Monday, April 27, 2015

Babies on an Airplane Sitting Next to YOU!

We've all heard horror stories about sitting next to a
 crying, restless, young child on a plane...

but I wanted to share this delightful story about my recent experience.
Directly across the row from me were the empty seats that I just knew would be filled with the
 young mother and baby that I had noticed in the airport waiting area.
Sure enough, they were my seatmates. 

After they were seated, the mother began handing out small baggies
to passengers seated near her and the baby.
 The baggie contained this note:

Hello fellow passenger! My name is Caden and
 I'm 11 months old! This is my first flight and I'm
very excited! Thank you for being brave enough to
to sit by me. I will try to be on my very best 
behavior but in case I get a little loud my Mom
included some ear plugs! She also wanted you 
to have a few treats. I hope you like them and 
have an enjoyable flight!

Inside the baggie was the note, candy, and soft ear plugs.
That was one smart Mama!!!

Smiles,
Deborah



Sunday, April 26, 2015

Adult Graduation Party



I've been helping my sister plan an 
Adult Graduation Party.

The theme of the party is based on this poem:

“There is freedom waiting for you,
On the breezes of the sky,
And you ask "What if I fall?"
Oh but my darling,
What if you fly?”
Erin Hanson

The main centerpiece of the food/drink area is a set of angel wings with a
copy of the poem (shown to the left) in the middle between the two wings. We used a book that had pages edged in gold, and that made a difference.  About 500 pages were used in making the wings.






Here are some images of making the wings.


One wing completed
 Do you see the hint of gold on the edges of the paper ?
Smiles,
Deborah

P.S.  I only ended up with one blister from the hot glue on my fingers.  That's pretty good for me. 



Friday, April 24, 2015

Sewing Lessons with Miss E and Me: Making Patterns


When my grandmother makes a pattern or adapts a pattern, she used this material:

Pellon Tru Grid Tracing Material

She just adapted a sling bag pattern and I saw her use it to make her pattern.

She says she likes it because of the 1 inch printed grid on the see through non-woven fabric. The grid makes it easy to cut a pattern that is on the straight of grain and is the correct measurement.
All that talk about "straight of grain" reminded me of when we made a weaving in art class. 

When you put your fabric pieces on the fabric, you need to measure from an arrow on the pattern to the edge of the fabric so your pattern will be straight on one of the threads that are woven together to make the material.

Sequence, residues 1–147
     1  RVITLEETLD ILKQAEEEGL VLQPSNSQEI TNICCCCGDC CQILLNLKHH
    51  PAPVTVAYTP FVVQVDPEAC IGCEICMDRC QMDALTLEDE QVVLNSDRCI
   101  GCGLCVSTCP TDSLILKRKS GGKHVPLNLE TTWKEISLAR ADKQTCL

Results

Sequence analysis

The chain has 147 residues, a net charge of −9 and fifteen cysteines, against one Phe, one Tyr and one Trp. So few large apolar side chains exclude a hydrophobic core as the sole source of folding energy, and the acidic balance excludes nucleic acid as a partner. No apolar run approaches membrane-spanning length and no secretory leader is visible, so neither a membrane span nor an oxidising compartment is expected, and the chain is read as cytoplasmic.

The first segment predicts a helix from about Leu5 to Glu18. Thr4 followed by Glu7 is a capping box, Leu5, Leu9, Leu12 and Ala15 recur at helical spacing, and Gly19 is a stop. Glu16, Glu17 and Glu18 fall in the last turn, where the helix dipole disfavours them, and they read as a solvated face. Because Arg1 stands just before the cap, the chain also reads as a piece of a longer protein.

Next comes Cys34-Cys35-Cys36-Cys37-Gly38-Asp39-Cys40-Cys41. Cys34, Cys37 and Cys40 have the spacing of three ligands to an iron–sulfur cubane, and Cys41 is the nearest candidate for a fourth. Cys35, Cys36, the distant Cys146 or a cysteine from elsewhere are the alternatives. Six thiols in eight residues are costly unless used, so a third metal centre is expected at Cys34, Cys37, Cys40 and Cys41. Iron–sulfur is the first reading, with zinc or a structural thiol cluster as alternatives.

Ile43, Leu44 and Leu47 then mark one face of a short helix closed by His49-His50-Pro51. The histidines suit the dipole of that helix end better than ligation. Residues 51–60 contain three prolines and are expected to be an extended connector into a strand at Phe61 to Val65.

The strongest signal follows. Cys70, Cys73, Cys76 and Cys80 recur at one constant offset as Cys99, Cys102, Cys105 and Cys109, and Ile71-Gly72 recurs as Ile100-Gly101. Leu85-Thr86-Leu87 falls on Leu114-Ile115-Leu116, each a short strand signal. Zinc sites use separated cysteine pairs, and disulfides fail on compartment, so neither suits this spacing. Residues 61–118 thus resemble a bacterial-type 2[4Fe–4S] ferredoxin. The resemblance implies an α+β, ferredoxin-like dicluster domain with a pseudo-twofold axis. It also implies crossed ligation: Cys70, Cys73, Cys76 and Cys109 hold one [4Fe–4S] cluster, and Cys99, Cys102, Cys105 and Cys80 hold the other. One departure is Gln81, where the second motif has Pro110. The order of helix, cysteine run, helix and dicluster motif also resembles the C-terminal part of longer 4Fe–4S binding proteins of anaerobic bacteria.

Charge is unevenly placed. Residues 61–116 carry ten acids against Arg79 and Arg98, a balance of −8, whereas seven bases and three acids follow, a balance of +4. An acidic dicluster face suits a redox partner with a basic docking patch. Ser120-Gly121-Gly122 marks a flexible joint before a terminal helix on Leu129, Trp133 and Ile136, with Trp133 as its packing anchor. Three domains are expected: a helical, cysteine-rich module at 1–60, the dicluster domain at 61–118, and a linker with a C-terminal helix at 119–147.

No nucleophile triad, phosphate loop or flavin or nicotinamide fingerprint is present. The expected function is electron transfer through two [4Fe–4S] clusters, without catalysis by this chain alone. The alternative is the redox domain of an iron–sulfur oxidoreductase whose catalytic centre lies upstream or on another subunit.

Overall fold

Threads Magazine has this article that tells you more about that with great pictures: http://www.threadsmagazine.com/item/4968/pattern-layouts

She even tries out her patterns on me before cutting them out sometimes because the see through material can be sewn or basted like real material. 

It's like trying on a really weird see through dress.... (and I won't share of picture of that with you .)

But here's another "weird picture" of me


Smiles,
Miss E and Me










Thursday, April 23, 2015

HammerHead Swim Team Sling Bag


April's Sewing Challenge at Project Run and Play 
 is to make your own version of the Reversible Sling Bag. 

Since Miss E just made the HammerHead Swim Team, I decided to make a reversible Hammerhead Shark Bag and Terry Towel Cover-up.  

The fabric used on the outer bag is Marine Vinyl.  Here you can see some of the steps used in creating the shark body.  I used reverse applique to make the mouth.


The dark grey fabric looked like a shiny shark skin, and was very pliable. 

The inner bag is made from this contemporary block print outdoor fabric that reminded me of ocean plant life. This type of fabric will work great when Miss E places her wet suit in the bag after a swim practice or meet.


I added all the important pockets to help her stay organized-
Googles
Swimcap
Medal
and Flipflops. 
I used the alphabet embroidery set that is built into my sewing machine to make the labels. I also added her name on the handle of the bag in case she misplaces the bag at a meet.
If she needs extra space in her bag, it is reversible and all these pockets can be filled on the outside of the bag, allowing more space inside the bag.

The terry towel cover-up can be thrown on quickly and worn in many different ways.  Notice the outside edge of the coverup....I embroidered the name of her team repeatedly along the edge.
Miss E gave 110 % to make the team,
 and I gave 110% to make this bag and cover-up 
to celebrate her achievement.

Smiles,
Deborah 

Friday, April 17, 2015

Sewing Lessons with Miss E and Me: Turning Corners


 When my Grandma explained "pivoting" to me, I just didn't get it.  But, when she explained a "ballerina twirl," I understood exactly what she meant.  
 In sewing, it is important to place your needle down 
into the fabric exactly on the corner so when you turn
 or "ballerina twirl," the edge of your fabric will then be lined up to sew again using the same seam allowance. 


In the past, Grandma helped me to sew straight seams and to know where to stop sewing when turning a corner by marking the seam  allowances with a water-soluble blue marking pen on the fabric.  She said that I need to train my eye to recognize different amounts 
like 1/4, 3/8, 4/8 or 1/2, and 5/8.  
So by marking the seam allowance, she was helping me to learn how far away from the edge of the fabric 5/8 of an inch looks like.  

Another way she sometimes helps me is to place a dot with the blue pen, exactly where I should stop and ballerina twirl.